Figure 3 shows seasonal variations in the apparent sizes of the northern and southern Martian regions with a given water content in the near-surface layer. We clearly see that the area of this surface monotonically increases in the north throughout the spring, covering about 5–6% of the Martian surface by early summer. A similar region in the south, being almost unchanged in size, varies within the same 5–6% during late southern summer and early autumn with Ls = 330°-50°. After Ls = 50°, measurements show that carbon dioxide condensation began in the south and that the apparent size of the southern region began to rapidly decrease. Comparison of the curves for the northern and southern permafrost regions indicates that these two regions together cover up to 15% of the entire Martian surface.

Fig. 3. The observed area of the surface with more than 10% of water versus Ls. The heavy and thin lines indicate the dependences for the regions around the south and north poles, respectively.

Latitudinal Effects in Seasonal Neutron-Flux Variations. To study the latitude dependence of seasonal carbon dioxide deposits, we divided the northern and southern regions of Mars into 10° latitude belts. We chose the northern/southern subpolar belts with latitudes 75°-85°, the middle latitude belts with latitudes 65°-75°, and the boundary latitude belts with coordinates 55°-65°. In Figs. 4 and 5, the average epithermal neutron flux is plotted against Ls for each latitude belt in the north and the south. We clearly see from the presented data that the variations in the north and the south are in antiphase. In the north, the neutron flux monotonically decreases from high winter values with Ls = 330°-360° to low values of early northern summer with Ls > 90°. By the time with Ls = 110°, the curves of the average flux for all of the northern latitude belts were constant. They decreased by a factor of 3, 1.7, and 1.2, respectively.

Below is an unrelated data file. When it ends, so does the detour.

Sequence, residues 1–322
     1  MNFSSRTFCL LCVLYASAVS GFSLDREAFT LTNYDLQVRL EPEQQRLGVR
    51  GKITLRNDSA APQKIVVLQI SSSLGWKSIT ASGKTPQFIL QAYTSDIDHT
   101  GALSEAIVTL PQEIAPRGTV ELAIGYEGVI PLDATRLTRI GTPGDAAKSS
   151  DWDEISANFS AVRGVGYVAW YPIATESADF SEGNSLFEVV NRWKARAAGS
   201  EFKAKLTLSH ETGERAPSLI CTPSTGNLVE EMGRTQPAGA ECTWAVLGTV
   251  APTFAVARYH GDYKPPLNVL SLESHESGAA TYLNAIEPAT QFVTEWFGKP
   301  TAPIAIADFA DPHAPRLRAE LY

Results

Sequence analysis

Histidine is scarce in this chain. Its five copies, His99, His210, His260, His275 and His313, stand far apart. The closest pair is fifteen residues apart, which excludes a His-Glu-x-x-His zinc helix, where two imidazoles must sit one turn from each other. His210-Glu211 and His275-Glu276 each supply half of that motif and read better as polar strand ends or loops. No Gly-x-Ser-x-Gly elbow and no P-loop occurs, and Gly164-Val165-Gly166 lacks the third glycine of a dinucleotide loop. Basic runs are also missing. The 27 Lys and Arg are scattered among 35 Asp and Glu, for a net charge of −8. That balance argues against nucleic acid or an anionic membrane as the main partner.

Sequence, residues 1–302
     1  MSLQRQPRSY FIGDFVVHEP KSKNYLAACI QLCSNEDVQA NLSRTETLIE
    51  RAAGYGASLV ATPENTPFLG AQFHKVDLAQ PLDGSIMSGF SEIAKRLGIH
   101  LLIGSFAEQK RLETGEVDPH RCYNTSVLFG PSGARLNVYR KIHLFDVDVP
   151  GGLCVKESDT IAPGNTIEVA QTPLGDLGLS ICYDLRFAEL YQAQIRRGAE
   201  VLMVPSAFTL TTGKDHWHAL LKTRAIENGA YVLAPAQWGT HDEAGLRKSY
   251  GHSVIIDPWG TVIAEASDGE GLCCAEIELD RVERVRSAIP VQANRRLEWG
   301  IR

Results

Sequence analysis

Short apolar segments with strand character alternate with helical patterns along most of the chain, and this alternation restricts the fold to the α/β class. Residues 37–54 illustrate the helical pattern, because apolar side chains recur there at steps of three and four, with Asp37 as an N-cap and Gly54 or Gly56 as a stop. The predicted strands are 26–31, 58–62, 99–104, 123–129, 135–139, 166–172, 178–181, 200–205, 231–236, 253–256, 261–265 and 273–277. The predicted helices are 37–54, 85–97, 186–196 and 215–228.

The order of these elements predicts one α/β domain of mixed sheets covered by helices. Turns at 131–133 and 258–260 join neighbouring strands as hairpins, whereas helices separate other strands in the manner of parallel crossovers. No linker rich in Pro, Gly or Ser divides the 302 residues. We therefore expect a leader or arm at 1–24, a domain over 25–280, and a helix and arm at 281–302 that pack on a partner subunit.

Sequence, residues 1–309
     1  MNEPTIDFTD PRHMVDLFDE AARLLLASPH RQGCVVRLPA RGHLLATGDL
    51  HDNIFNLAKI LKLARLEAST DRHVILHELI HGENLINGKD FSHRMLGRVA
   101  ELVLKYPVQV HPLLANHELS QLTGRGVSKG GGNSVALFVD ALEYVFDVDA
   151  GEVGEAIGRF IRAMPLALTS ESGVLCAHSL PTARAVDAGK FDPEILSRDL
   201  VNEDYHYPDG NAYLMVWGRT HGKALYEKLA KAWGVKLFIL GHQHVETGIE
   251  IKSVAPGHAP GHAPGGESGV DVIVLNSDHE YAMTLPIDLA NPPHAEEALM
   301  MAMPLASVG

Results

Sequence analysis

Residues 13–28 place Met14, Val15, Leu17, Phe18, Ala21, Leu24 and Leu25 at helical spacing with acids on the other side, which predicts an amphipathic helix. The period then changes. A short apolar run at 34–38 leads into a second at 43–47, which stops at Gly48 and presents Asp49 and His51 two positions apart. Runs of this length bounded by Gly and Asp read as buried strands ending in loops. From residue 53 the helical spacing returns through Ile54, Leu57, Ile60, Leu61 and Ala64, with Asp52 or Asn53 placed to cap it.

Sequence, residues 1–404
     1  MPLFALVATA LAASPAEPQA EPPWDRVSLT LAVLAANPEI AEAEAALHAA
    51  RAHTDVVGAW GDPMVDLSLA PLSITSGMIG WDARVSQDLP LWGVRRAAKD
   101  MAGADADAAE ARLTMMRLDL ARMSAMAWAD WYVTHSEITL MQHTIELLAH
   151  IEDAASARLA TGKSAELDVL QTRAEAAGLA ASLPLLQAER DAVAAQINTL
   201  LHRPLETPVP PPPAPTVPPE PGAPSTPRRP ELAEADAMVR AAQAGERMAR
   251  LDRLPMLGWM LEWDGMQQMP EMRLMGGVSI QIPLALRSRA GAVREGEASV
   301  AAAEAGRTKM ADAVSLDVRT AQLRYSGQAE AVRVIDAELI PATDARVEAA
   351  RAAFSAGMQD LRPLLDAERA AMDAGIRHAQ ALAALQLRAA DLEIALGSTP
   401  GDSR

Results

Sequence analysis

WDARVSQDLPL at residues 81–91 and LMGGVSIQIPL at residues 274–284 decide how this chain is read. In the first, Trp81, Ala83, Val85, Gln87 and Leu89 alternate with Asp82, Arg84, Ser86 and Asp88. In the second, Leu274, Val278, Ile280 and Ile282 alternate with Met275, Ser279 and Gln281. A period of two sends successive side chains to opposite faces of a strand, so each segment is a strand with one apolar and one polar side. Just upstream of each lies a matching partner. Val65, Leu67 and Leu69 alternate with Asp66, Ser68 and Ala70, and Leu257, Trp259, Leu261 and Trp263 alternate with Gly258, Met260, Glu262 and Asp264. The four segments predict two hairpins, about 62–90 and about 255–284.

Fig. 4. The normalized epithermal neutron flux versus Ls for various latitude belts within the northern province. The squares, triangles, and diamonds indicate the dependences for the latitude belts 75°-85° N, 65°-75° N, and 55°-65° N, respectively.

Fig. 5. The normalized epithermal neutron flux versus Ls for various latitude belts within the southern province. The squares, triangles, and diamonds indicate the dependences for the latitude belts 75°-85° S, 65°-75° S, and 55°-65° S, respectively.

In contrast, for the southern region in the same period of the Martian year, all of the three curves corresponding to the subpolar, middle, and boundary belts monotonically rise starting from different times. For the boundary latitude belt, this rise begins at the time with Ls = 50° and is a factor of about 1.3 by the time with Ls = 110°. For the middle and subpolar latitude belts, the initial times correspond to Ls = 30° and Ls = 15°, respectively; the relative increase in neutron flux by the time with Ls = 110° is a factor of 2 and 2.5, respectively.